The American travelers—corrections officials, district attorneys, academics, and activists—represent the variety of perspectives that fall under what journalists have taken to calling the “emerging consensus” on criminal justice reform. There are the guys who run prisons and worry about recidivism numbers. There are elected district attorneys wondering how the public responds to such short sentences. And then there are reform activists determined to see prisoners treated humanely.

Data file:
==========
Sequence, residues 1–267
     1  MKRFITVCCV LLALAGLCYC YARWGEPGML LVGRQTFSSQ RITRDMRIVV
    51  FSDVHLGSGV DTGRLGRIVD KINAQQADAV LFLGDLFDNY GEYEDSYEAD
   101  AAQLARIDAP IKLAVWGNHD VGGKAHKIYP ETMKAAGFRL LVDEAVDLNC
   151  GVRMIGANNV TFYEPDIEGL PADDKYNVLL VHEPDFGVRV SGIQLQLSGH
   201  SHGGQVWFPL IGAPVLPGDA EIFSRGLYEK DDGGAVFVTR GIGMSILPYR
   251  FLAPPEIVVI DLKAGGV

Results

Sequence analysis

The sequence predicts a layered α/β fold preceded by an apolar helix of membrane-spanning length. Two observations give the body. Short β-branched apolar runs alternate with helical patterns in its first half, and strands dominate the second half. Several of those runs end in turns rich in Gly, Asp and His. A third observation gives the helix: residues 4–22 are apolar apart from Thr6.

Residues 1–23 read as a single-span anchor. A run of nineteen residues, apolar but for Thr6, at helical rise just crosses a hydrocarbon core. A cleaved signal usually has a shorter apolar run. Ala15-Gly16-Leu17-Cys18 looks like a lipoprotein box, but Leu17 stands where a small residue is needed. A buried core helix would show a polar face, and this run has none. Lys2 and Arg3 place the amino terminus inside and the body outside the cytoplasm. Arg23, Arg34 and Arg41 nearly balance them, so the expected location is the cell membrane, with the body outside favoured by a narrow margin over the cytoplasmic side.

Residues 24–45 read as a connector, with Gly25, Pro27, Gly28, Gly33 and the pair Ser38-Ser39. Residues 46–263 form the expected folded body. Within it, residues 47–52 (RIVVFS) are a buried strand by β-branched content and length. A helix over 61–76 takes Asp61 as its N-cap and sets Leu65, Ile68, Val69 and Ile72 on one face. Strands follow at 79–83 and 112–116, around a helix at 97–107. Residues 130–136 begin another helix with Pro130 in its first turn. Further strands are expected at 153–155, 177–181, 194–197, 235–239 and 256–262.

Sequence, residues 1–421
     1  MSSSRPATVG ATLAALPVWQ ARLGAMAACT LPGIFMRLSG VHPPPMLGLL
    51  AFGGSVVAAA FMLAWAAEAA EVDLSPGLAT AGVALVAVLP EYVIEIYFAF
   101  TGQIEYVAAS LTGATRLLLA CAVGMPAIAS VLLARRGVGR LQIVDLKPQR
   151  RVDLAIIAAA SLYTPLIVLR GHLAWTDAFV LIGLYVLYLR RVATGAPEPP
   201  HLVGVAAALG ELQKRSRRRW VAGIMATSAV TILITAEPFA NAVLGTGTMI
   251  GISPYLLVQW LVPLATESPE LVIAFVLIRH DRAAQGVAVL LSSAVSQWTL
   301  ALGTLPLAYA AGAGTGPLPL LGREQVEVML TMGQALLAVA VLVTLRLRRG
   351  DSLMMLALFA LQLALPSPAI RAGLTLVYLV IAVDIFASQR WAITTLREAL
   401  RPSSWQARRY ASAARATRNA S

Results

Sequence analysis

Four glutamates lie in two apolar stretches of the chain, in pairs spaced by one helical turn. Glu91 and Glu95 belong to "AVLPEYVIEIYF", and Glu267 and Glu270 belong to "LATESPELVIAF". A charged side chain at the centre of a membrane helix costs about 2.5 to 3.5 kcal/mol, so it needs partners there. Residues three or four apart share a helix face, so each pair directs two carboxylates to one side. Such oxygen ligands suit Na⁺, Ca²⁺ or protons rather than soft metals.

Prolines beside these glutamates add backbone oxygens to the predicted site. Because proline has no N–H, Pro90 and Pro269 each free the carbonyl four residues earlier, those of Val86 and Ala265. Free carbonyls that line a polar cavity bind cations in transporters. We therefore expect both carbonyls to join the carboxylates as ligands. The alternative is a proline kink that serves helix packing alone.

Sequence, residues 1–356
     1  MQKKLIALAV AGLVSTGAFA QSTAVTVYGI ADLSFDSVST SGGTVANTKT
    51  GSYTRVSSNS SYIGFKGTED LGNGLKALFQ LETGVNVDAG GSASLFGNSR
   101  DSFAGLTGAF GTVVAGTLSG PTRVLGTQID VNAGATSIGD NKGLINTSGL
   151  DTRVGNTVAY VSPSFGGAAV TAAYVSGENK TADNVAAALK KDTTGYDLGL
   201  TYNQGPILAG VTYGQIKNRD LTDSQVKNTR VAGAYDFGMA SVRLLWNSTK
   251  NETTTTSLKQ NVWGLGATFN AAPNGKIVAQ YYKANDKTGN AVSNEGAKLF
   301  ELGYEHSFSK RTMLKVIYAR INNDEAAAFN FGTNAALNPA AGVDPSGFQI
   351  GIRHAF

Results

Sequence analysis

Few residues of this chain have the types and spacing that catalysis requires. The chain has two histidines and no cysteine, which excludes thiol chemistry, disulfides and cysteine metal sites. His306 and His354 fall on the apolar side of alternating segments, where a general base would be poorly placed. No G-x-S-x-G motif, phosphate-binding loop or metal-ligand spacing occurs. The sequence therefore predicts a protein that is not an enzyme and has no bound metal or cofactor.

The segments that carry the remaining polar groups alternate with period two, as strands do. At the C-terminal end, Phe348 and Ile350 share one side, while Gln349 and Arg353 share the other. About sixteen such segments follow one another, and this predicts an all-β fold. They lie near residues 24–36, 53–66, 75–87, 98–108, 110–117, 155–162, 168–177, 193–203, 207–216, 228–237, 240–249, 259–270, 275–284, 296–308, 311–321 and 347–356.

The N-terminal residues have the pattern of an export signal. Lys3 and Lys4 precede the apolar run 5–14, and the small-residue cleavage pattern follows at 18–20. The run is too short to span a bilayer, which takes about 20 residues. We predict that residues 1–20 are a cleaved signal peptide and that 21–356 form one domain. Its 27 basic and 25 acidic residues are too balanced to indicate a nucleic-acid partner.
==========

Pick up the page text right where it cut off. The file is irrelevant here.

Their responses to German prisons offer a rich window into what these groups value and exactly what it might take to reduce incarceration and improve the American criminal justice system. On Sunday, Jeremy Travis, president of the John Jay College of Criminal Justice in New York, which helped organize the trip, said he hoped the experience would offer a “stress test” to help us all understand “what this moment of opportunity really looks like.” He expressed hope that the travelers will “take back ideas to fuel the…”